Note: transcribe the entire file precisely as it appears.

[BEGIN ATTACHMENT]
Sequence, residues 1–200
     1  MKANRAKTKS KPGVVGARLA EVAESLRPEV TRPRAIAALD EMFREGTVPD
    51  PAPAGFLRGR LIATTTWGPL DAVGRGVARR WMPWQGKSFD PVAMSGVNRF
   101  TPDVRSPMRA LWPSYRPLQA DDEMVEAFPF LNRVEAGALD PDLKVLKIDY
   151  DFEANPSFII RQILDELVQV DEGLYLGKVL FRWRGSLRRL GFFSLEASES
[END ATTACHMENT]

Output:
Sequence, residues 1–200
     1  MKANRAKTKS KPGVVGARLA EVAESLRPEV TRPRAIAALD EMFREGTVPD
    51  PAPAGFLRGR LIATTTWGPL DAVGRGVARR WMPWQGKSFD PVAMSGVNRF
   101  TPDVRSPMRA LWPSYRPLQA DDEMVEAFPF LNRVEAGALD PDLKVLKIDY
   151  DFEANPSFII RQILDELVQV DEGLYLGKVL FRWRGSLRRL GFFSLEASES